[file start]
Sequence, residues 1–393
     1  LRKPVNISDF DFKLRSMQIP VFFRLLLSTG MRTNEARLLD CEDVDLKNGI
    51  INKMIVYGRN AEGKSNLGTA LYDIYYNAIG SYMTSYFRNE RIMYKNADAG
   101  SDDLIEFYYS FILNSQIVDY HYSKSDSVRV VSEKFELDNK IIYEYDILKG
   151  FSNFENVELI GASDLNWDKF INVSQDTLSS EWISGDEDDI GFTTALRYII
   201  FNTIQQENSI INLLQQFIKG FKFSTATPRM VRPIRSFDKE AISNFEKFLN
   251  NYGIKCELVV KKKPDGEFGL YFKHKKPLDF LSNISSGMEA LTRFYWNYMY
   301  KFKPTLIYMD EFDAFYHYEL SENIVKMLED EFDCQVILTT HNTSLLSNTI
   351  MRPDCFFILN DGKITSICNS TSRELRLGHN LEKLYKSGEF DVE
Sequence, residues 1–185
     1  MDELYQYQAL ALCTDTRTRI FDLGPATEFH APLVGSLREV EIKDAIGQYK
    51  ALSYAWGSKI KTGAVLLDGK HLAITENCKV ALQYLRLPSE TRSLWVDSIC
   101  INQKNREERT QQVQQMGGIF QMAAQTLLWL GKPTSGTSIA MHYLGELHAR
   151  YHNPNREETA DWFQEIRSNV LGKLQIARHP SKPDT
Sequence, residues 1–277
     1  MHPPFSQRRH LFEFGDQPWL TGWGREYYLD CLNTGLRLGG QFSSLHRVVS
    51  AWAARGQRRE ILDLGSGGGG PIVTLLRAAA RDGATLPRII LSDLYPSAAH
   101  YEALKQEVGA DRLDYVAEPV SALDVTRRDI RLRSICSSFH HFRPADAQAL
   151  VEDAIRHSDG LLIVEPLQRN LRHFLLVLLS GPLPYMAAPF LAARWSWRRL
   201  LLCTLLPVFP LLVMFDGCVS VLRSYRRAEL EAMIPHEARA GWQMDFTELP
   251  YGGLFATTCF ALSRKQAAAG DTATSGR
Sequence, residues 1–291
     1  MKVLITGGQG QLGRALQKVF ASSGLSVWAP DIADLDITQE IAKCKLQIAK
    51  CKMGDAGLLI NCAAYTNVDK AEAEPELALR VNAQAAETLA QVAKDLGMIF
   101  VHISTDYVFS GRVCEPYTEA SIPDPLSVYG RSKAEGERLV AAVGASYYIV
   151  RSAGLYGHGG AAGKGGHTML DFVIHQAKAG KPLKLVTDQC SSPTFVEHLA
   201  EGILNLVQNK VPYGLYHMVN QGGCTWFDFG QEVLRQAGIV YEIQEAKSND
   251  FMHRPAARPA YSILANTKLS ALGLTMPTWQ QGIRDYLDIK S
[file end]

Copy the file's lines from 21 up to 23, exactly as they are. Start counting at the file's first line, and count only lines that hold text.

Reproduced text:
   251  YGGLFATTCF ALSRKQAAAG DTATSGR
Sequence, residues 1–291
     1  MKVLITGGQG QLGRALQKVF ASSGLSVWAP DIADLDITQE IAKCKLQIAK